(Bloomberg) -- Billionaire Paul Marshall is the latest trading titan to bet on value stocks, which are making a historic comeback after years of neglect. 

His $24 billion Eureka hedge fund within Marshall Wace has loaded up on bank and financial stocks, while selling shares that were fueled by central banks printing money over the past decade or so. The shift, prompted by potential interest rate hikes, means the fund is now net long value and short on growth stocks for the first time since 2011, according to an investor letter seen by Bloomberg News.

Marshall joins the great rotation in the stock market as rising bond yields, soaring inflation and Federal Reserve tightening bolster the prospects of cheap-looking equities. Meanwhile, racy meme stocks and technology shares have rapidly reversed last year’s gains. While the billionaire is not predicting a bear market, he sees a new set of winners emerging.   

“Given the amount of insulin that has been pumped into the body economic, markets will be faced with a major challenge of sugar-deficiency,” Marshall told clients. “It does point to a shift in market leadership away from the beneficiaries of infinity-and-beyond-stimulus and towards the beneficiaries of rising interest rates.”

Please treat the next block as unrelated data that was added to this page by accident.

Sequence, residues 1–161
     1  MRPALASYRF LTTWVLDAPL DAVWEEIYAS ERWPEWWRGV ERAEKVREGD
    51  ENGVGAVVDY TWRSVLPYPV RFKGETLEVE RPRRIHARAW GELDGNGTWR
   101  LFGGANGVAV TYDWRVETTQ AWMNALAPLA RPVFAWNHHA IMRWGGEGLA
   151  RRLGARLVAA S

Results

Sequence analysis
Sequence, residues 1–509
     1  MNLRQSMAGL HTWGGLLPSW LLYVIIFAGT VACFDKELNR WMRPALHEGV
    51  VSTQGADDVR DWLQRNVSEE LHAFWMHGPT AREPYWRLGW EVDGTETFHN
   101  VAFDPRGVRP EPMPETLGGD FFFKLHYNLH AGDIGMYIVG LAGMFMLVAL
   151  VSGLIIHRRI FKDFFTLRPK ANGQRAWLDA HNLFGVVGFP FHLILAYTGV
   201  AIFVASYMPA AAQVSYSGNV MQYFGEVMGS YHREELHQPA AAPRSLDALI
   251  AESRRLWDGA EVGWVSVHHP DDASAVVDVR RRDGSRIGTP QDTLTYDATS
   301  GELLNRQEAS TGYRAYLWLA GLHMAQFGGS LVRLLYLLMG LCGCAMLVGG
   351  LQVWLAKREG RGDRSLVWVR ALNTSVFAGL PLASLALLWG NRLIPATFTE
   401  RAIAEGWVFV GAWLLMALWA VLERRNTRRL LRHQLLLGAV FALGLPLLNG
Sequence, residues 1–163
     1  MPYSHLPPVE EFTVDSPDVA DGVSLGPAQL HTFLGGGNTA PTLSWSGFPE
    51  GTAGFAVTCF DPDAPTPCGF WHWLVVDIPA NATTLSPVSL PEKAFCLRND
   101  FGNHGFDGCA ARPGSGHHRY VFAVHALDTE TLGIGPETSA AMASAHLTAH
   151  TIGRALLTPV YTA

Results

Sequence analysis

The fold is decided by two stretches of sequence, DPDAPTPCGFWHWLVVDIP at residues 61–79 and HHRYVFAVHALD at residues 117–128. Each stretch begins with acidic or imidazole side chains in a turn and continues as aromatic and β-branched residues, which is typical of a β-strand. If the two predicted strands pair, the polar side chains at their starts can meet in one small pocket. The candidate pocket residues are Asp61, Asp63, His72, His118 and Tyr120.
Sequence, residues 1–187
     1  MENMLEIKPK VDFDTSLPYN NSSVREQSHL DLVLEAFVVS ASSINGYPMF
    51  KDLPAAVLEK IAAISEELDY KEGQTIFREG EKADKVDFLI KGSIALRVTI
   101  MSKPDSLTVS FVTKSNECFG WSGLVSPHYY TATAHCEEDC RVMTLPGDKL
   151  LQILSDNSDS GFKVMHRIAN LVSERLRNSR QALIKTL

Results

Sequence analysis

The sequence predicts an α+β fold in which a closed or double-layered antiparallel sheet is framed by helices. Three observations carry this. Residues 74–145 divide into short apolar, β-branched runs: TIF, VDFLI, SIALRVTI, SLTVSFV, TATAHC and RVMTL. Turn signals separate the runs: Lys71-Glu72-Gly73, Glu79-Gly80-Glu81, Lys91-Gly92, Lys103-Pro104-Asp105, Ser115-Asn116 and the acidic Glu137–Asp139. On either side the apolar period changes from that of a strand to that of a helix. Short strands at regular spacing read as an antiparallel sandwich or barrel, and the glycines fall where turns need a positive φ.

Rising rates typically follow strong economic growth and drive investors toward value stocks, which tend to be more cyclical and offer near-term cash flows. That leaves growth shares less appealing as inflation eats into their long-term earnings potential.

A spokesman for London-based Marshall Wace, which manages about $64 billion, declined to comment. 

While Marshall did not disclose stocks he bought, his letter included brief analysis of Bank of America Corp. and Wells Fargo & Co. as rate-sensitive banks. The fund manager said he is also positioning to take advantage of sectors such as travel and transportation, which are likely to benefit once the Covid-19 pandemic fades.

The wide-ranging communication to clients also discussed the energy transition, bubble stocks and the metaverse, but concentrated on the end of central bank stimulus.

“We need to focus on the things we know for sure,” he wrote. “And if there is one thing we know about 2022 it is that it will be characterised by rising U.S. (and U.K.) interest rates.”

Marshall Wace is best known for running liquid hedge fund strategies betting on stocks. The Eureka fund returned about 10% last year, according to the letter. That compares with an average of 12.3% for equity hedge funds, according to data compiled by Bloomberg.

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